Ramon Maria del Valle-Inclan (Vilanova de Arousa, Galicia, Spain, 28 October 1866 – Santiago de Compostela, 5 January 1936), Spanish dramatist, novelist and member of the Spanish Generation of 98, is considered perhaps the most noteworthy and certainly the most radical dramatist working to subvert the traditionalism of the Spanish theatrical establishment in the early part of the 20th century. His drama is made all the more important by its influence on later generations of Spanish dramatists.
Valle-Inclan’s work (for example, Divine Words and Bohemian Lights) attacks what he saw as the hypocrisy, moralising and sentimentality of the bourgeois playwrights, satirises the views of the ruling classes and targets in particular concepts such as masculine honour, militarism, patriotism and attitudes to the Crown and the Roman Catholic Church. His drama also featured irreverent portrayal of figures from Spain’s political past and deployed crude, obscene language and vulgar imagery in a mocking attack on theatrical blandness.
In addition to being politically subversive, though, Valle-Inclan’s plays often required staging and direction that went far beyond the abilities of many companies working in the commercial theatre, often featuring complex supernatural special effects and rapid, drastic changes of scene. For this reason, some of his works are regarded as closet dramas.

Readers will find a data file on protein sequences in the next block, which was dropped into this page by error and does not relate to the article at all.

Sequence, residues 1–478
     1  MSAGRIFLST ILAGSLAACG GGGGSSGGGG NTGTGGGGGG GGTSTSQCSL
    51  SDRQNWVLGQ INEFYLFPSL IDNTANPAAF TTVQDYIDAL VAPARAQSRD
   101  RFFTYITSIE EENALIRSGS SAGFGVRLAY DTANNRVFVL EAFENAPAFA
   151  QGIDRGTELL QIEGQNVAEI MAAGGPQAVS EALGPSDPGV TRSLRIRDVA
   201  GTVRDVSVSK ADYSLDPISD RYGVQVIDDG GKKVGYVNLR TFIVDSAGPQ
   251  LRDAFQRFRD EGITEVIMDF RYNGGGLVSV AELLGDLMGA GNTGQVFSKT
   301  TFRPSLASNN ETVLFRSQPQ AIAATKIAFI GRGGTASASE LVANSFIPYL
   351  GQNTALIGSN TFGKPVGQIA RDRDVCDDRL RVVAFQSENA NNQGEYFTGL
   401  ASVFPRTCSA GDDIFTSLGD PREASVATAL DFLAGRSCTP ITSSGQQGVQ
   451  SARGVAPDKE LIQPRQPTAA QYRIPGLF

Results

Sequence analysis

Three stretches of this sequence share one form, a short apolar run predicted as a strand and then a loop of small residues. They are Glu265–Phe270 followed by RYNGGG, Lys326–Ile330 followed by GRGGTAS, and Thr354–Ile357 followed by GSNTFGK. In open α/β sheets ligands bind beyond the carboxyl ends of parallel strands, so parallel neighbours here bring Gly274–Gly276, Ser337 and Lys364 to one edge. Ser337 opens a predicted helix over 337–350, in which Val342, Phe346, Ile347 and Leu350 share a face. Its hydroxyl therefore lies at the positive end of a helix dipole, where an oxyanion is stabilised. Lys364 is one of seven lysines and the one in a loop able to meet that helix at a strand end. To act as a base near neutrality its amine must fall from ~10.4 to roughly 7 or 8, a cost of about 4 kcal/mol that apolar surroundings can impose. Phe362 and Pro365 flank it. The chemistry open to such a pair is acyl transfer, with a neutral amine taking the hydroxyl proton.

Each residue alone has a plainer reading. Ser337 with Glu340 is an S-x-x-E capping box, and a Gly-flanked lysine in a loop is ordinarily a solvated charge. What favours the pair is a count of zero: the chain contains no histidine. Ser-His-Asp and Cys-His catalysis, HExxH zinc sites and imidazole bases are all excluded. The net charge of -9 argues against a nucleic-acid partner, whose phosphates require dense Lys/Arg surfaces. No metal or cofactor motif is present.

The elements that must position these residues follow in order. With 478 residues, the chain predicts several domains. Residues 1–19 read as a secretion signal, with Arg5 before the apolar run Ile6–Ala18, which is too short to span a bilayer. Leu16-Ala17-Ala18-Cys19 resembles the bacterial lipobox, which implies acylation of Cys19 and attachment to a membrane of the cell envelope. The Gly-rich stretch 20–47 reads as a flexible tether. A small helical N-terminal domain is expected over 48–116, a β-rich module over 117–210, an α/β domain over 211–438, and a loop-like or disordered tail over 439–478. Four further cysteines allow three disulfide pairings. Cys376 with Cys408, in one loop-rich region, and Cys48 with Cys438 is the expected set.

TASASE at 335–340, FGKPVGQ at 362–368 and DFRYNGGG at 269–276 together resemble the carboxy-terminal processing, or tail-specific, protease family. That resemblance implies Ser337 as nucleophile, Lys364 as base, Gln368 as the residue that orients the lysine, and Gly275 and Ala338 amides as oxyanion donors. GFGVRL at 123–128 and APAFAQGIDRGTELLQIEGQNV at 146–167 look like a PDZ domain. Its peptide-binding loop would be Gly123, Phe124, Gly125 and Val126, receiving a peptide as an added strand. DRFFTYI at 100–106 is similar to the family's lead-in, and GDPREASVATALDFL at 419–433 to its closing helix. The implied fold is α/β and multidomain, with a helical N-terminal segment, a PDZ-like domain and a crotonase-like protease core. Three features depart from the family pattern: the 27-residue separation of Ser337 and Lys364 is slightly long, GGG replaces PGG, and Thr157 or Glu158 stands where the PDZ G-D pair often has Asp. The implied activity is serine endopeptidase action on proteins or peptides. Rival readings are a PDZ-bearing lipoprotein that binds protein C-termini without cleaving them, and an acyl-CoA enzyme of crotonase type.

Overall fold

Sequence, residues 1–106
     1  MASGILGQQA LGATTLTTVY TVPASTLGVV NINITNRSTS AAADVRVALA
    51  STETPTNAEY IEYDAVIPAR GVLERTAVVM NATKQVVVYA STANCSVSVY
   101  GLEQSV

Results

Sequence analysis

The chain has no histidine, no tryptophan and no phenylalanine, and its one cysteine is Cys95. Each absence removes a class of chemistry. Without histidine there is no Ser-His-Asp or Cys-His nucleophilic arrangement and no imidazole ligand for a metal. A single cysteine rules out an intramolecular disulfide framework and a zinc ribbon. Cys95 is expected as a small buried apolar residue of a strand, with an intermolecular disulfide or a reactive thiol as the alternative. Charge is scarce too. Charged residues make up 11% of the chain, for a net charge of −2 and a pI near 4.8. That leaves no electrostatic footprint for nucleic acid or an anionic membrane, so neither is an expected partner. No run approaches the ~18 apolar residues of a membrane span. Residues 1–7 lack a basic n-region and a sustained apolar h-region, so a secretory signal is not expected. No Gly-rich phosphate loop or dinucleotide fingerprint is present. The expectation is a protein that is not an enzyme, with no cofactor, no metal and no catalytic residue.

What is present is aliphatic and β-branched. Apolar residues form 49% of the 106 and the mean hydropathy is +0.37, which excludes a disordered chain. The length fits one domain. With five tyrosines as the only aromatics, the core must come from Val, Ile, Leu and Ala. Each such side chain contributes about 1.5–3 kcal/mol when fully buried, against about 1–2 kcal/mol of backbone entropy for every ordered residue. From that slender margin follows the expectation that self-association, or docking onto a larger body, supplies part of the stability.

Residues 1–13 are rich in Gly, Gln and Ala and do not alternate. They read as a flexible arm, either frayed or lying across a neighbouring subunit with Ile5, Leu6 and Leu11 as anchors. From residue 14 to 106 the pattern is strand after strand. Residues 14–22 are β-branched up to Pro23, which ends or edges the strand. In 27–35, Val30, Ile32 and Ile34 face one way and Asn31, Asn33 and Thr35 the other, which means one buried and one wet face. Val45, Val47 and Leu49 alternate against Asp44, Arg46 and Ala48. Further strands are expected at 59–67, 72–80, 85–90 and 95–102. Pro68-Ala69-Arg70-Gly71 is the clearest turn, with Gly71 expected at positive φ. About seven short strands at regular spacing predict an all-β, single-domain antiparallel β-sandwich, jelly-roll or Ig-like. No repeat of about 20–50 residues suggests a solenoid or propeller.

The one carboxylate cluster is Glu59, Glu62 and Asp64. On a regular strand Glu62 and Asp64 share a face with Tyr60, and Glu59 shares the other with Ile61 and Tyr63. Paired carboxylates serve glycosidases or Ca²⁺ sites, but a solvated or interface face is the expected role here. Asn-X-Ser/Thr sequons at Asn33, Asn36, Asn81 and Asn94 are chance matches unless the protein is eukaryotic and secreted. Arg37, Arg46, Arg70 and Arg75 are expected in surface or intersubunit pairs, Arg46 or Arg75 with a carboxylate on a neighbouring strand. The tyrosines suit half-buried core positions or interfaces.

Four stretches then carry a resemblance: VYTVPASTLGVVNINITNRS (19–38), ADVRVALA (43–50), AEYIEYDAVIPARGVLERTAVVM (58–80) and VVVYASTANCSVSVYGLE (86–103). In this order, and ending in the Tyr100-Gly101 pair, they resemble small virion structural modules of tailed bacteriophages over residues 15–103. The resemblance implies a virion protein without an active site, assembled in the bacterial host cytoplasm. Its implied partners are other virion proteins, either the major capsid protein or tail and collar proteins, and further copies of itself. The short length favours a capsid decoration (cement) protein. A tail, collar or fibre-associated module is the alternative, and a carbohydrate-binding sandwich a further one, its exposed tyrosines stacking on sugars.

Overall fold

Valle-Inclan also wrote major novels including the Tyrant Banderas (Tirano Banderas), which was influential on the Latin American ‘dictator’ novel (for example, I, the Supreme by Augusto Roa Bastos), although it was received with disdain by many Spanish American authors, Rufino Blanco Fombona for example, pokes fun of “the America of tambourine” (“la Amarica de pandereta”) of that novel where you could be in the jungle one day and the Andes the next! Some critics view him as being the Spanish equivalent to James Joyce; however, due to a lack of translations his work is still largely unknown in the English speaking world, although his reputation is slowly growing as translations are produced. Many have found links in both – Galician Valle-Inclan and Irishman Joyce – authors common Celtic heritage.
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